Long shadows creep across broken cement
And old rocking chairs.
And I see them as I wait for the sunset.
Little dark forms
Fluttering high in an ocean blue sky
Fast moving toward some special place.
Every night I see them
Crows – sometimes two or three,
Sometimes thirty cutting a swath against the waning light.
And as soon as one group careens past
Another flock approaches.
Coming from some other part of town
Heading for their special Crow party
Down by the beach.
Where they talk about eggs and who’s nesting with who.
And the annoying seagulls who live at the mall.
I’ve tried to follow them.
Where do they go?
How do they know when it’s time to leave their day job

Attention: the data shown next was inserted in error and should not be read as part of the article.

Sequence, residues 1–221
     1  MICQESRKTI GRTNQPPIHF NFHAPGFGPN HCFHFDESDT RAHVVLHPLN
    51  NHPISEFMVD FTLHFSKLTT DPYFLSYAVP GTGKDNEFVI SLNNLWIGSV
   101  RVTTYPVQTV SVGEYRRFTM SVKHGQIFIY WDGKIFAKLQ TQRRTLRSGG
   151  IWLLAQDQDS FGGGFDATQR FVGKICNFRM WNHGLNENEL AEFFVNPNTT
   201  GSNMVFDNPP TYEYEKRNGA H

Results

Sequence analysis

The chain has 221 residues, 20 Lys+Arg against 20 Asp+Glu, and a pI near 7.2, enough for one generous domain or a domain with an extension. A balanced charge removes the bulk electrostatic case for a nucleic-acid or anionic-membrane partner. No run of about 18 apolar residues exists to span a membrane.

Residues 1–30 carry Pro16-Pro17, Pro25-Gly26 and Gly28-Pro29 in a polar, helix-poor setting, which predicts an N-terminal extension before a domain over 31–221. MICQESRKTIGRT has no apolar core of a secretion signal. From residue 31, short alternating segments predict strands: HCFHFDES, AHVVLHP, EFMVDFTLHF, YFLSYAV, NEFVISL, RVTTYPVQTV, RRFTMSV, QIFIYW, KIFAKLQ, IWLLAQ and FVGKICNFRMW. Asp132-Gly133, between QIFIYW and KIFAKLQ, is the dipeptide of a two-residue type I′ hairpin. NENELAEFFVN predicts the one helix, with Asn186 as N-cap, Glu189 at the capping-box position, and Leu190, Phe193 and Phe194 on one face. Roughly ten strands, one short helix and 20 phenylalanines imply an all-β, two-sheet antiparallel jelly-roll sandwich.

cawing in the neighborhood tree?
There are always stragglers…
One or two who seem to have missed the last call
Flapping hard to keep up.
No one seems to notice they are so far behind.
Are some crow parties better than others?
One time I found them on an elementary school roof.
Another time they had parked en masse in a neighbor’s yard.
The Canadian geese are apparently not invited
since they prefer a soccer field for their nighttime gatherings.
(I’ve heard they really aren’t Canadian either,
they are from a trailer park in the canyon.)
The sameness of the birds as they seek their beds for the evening.
Their sureness of what to do.
Of where to go.
Their community that cares for itself.
Their families that stay together
Year after year.
They know they are stronger
When they dream together.
And in the morning they leave
Soaring away in every direction
To their crow jobs
Of taunting cats
And sitting on electrical wires
And neighborhood chimneys.
But they are never so far away
That when the shadows are long
They know to come back to their appointed place,
Before the sun sets and the cold creeps in
They know how to find their way home.
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